Bill and Diane Akers, photo provided
Parents of Ball State student injured in Florida express gratitude for outpouring of support
Bill and Diane Akers got the call around 1:45 a.m.
It was from the hospital saying their son, Andrew “Drew” Akers, a Ball State junior marketing major, had been transported after being hit by a car during spring break.
“Dr. Lozada says, ‘This is Dr. Lozada from Broward Health Medical Center in Fort Lauderdale. This is a call nobody ever wants to make,’” Drew's mom, Diane, said.
With the help of family, Drew’s parents immediately arranged a flight to Florida. However, Drew was never alone. Someone was by his side from the moment the accident happened to the time his parents made their way to Florida to reunite with their son.
Drew was struck while walking across the street to catch an Uber, his parents said. The driver did not stop, but the cars behind them did.
“There happened to be a nurse who actually pulled over to the right lane where Drew had been thrown and blocked the path so that no other cars could run over him and got out of her car,” Diane said. “She didn’t know if he’d be alive, she thought he’d be dead — but she got a pulse and immediately flagged down a police officer and called for help.”
His parents credit the nurse with saving Drew’s life and are meeting with her soon to thank her in person.
“To me, she’s like a guardian angel, to be there right when this happened,” Bill, Drew's father, said. “Who knows what would have happened if she hadn’t have acted as quickly as she did?”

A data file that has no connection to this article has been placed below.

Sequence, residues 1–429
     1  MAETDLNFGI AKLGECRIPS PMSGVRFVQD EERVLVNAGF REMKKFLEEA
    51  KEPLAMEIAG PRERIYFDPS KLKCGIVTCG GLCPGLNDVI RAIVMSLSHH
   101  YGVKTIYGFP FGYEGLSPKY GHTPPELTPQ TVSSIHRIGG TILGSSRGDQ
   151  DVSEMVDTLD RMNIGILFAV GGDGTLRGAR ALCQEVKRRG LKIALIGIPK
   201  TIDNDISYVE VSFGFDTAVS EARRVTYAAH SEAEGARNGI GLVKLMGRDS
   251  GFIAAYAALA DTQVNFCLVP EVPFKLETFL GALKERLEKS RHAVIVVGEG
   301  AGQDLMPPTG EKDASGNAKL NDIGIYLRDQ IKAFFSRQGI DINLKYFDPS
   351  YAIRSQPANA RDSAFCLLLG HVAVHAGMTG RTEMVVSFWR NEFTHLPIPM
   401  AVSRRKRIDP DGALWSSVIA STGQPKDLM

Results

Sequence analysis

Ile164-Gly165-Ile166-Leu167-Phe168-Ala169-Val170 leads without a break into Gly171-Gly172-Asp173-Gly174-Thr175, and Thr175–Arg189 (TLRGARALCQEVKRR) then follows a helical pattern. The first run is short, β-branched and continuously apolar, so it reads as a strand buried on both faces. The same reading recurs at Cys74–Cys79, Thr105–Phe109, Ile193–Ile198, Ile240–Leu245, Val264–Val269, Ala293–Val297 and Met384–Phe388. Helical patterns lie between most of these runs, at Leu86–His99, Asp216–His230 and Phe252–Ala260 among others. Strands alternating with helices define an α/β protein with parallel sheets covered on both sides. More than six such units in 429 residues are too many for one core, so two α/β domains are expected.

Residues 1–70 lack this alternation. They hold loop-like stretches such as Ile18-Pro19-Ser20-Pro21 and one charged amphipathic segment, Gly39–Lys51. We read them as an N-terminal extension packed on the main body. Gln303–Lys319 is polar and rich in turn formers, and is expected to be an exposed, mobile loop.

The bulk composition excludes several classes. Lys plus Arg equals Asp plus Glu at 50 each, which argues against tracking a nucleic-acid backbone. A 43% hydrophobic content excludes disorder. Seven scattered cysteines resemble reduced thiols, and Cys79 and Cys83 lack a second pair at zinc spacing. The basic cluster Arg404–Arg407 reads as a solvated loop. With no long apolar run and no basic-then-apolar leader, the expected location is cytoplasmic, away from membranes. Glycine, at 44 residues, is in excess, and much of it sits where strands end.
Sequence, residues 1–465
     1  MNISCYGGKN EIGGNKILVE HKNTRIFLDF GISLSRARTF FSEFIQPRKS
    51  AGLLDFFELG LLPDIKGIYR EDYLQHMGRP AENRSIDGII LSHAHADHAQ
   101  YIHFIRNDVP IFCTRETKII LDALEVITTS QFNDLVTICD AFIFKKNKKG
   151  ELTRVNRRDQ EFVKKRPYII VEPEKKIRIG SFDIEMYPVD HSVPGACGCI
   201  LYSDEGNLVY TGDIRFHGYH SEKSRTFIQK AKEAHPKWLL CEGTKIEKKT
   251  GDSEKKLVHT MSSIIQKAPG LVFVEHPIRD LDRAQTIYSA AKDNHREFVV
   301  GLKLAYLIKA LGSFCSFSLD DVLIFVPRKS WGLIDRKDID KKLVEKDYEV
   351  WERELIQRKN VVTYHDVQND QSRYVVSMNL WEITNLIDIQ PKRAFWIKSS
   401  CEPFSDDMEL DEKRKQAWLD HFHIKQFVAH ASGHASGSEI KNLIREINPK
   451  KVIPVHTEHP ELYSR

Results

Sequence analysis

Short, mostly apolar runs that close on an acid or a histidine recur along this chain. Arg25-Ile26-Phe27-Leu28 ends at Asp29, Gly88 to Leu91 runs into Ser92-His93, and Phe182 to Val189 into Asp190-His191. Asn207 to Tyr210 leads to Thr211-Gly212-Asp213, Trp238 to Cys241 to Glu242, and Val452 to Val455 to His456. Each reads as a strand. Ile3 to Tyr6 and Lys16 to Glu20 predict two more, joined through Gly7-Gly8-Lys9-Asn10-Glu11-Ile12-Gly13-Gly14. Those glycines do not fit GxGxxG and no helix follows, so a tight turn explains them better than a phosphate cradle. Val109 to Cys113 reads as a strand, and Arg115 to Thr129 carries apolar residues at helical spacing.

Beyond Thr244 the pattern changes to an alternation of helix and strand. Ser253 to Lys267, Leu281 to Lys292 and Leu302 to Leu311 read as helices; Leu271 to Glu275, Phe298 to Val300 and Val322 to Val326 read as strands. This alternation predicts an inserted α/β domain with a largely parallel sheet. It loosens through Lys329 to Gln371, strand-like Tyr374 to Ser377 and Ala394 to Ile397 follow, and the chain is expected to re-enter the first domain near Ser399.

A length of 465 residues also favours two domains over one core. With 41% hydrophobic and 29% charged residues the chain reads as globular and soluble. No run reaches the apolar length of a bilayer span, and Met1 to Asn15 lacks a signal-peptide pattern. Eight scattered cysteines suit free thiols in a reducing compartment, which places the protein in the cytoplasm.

Diane’s sister and mom went to the hospital, only to find that a member of Theta Chi, Drew’s fraternity, had stayed with him after the accident.
“Before any of our family ever got [to the hospital], one of his fraternity brothers was actually with him in the emergency room holding his hand,” Bill said.
When Bill and Diane arrived at the hospital, Drew was in a medically-induced coma to help him recover from the two skull fractures, facial fractures and two brain bleeds he suffered due to the March 5 accident.
Now, Drew is awake and responding to visits with his family — including a visit from his grandmother — and through FaceTime, he's been able to talk with his two siblings.
“He had just had the tube taken out and [Drew's grandma] said, ‘Oh Drew, I can’t wait to see your pretty blue eyes,’ and he woke up and winked at her,” Diane said.
Bill and Diane have been staying with their son for the maximum hours the ICU allows — about 12 hours a day. Soon, though, Drew will be moved out of the ICU and into a section that allows for longer visitation.
Though they’ve found themselves with an extended stay a thousand miles from their home in Fishers, Indiana, support from friends and complete strangers alike has found its way to the southern tip of Florida.
Drew’s Theta Chi fraternity brothers visited him in the hospital before they traveled back to Muncie at the end of spring break, and Gage Carroll, the fraternity president, established a GoFundMe for medical expenses.
As of right now, Theta Chi has raised more than $28,000 for Drew and his family.
“We have just been blown away,” Diane said.
Other members of Ball State Greek Life have supported Drew, as well. Bill said a woman in Alpha Phi, who has never met Drew before, emailed him and said she and her sisters were praying for Drew, collecting donations for the family and making him a card.
Other strangers to the Akers family have reached out, too. A woman who used to go through the Target checkout line Drew was a cashier at wrote to his parents to tell them how she was praying for their “wonderful” son.
Diane said Father Brian Doerr at St. Francis of Assisi in Muncie prayed with his congregation for Drew, as well.
For now, it will likely be a few more weeks until Drew can return to Indiana and finish rehab, his parents said.
“It may be six to eight weeks. We don’t know,” Diane said. “It will just depend on the process. But he’s doing amazingly well.”